Open this publication in new window or tab >>Quality of web pages about second-trimester medical abortion: A cross-sectional study of readability, comprehensiveness, and transparency
2019 (English)In: Journal of Advanced Nursing, ISSN 0309-2402, E-ISSN 1365-2648, Vol. 75, no 11, p. 2683-2691Article in journal (Refereed) Published
Abstract [en]

AIMS: To investigate the readability, comprehensiveness and transparency of web pages about medical abortion in the second trimester of pregnancy.

DESIGN: A cross-sectional descriptive study of Swedish web pages.

METHODS: Six systematic searches were performed in Google during January 2017. The first 10 hits of each search were screened, resulting in 46 included Swedish web pages. The web pages were analyzed with readability index (LIX) to investigate readability, inductive manifest content analysis to investigate comprehensiveness, and Journal of the Medical Association benchmarks to investigate transparency.

RESULTS: Median LIX was 29.0 and the largest proportion had LIX 31-40 (N = 17), indicating moderate readability. Visual components were observed in 13 websites. Content analysis resulted in 12 categories illustrating comprehensiveness, but eight of these were only included in ≤50% web pages. With regard to transparency, 29 (63%) adhered to no benchmark, 15 (33%) adhered to one benchmark, and 2 (4%) adhered to two benchmarks. Most web pages were written or reviewed by laypersons (N = 25) and health professionals (N = 11).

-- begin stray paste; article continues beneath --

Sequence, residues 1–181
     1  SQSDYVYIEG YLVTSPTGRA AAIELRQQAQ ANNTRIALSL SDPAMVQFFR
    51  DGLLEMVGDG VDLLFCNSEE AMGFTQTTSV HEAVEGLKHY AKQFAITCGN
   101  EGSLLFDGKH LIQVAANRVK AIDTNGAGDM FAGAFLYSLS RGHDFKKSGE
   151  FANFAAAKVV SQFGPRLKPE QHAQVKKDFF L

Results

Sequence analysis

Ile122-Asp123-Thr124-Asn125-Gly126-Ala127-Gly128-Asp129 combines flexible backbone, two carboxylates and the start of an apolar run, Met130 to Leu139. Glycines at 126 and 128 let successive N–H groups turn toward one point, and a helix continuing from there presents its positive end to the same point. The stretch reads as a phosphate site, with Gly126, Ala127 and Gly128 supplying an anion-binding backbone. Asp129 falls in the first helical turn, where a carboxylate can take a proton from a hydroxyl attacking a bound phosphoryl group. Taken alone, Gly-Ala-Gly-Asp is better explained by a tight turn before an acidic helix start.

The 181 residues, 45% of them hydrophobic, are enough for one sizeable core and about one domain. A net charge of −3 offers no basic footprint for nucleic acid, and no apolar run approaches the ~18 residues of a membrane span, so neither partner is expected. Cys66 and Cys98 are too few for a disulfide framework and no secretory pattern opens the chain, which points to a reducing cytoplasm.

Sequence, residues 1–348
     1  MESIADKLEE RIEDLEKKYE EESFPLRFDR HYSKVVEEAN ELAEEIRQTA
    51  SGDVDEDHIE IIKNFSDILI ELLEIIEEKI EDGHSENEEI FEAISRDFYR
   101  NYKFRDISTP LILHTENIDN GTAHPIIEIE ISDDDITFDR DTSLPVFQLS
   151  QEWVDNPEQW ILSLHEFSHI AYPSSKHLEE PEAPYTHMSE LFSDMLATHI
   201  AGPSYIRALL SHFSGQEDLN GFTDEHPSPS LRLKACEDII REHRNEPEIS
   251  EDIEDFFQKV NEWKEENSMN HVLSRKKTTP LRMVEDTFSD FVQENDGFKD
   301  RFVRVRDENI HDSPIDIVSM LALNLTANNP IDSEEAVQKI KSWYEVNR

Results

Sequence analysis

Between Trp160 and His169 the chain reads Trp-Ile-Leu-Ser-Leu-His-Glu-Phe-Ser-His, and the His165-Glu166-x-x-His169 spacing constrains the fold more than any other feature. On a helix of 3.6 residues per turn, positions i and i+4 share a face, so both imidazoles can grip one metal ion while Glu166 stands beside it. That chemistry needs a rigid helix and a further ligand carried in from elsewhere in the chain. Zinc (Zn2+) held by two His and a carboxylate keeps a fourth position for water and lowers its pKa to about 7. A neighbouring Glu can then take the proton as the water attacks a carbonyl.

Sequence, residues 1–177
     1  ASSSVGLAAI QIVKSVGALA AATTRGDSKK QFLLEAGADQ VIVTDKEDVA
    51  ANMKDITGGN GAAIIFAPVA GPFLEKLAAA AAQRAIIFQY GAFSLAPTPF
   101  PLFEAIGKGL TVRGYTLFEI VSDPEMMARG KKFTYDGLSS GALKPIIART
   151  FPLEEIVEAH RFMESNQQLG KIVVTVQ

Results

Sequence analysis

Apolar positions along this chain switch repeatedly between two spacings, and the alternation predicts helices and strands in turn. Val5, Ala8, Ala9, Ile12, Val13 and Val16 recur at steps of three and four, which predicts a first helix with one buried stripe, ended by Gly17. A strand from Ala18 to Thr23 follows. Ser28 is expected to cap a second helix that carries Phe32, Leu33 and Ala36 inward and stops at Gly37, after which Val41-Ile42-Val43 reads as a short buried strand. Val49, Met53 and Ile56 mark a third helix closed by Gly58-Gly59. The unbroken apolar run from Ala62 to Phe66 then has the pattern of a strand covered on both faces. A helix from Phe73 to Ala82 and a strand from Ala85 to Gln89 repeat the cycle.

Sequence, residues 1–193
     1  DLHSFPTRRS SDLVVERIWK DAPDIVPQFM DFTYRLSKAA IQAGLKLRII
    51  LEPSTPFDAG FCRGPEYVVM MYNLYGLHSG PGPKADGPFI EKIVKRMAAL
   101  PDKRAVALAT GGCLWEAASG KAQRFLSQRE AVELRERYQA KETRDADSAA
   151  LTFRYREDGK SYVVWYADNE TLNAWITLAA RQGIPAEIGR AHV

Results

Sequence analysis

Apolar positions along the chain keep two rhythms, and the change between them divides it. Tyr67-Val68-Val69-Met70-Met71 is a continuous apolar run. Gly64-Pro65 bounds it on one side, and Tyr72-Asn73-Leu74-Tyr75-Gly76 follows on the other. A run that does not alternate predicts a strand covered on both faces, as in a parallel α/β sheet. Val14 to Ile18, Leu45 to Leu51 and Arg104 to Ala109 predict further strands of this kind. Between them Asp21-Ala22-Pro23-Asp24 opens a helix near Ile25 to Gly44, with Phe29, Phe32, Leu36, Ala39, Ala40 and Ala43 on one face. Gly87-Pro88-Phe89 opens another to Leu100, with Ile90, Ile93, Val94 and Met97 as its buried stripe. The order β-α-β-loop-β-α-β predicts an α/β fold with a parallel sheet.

CONCLUSION: The results indicate that web pages about medical abortion have moderate readability, varied comprehensiveness and poor transparency.

IMPACT: Health professionals need to acknowledge the risk of contact with web-based information about poor quality. There is a need for research that aims to increase the chances that patients encounter high-quality web-based information about medical abortion in the second trimester of pregnancy.

Place, publisher, year, edition, pages
Wiley-Blackwell Publishing Inc., 2019
Keywords
Comprehensiveness, Induced Abortion, Information Science, Internet, Nursing, Popular Works, Readability, Transparency
National Category
Public Health, Global Health, Social Medicine and Epidemiology
Identifiers
urn:nbn:se:rkh:diva-2947 (URN)10.1111/jan.14080 (DOI)31206760 (PubMedID)
Available from: 2019-06-24 Created: 2019-06-24 Last updated: 2019-12-09Bibliographically approved
Eriksson, C., Skinstad, M., Georgsson, S. & Carlsson, T. (2019). Quality of websites about long-acting reversible contraception: a descriptive cross-sectional study. Reproductive Health, 16(1), Article ID 172.
Open this publication in new window or tab >>Quality of websites about long-acting reversible contraception: a descriptive cross-sectional study
2019 (English)In: Reproductive Health, ISSN 1742-4755, E-ISSN 1742-4755, Vol. 16, no 1, article id 172Article in journal (Refereed) Published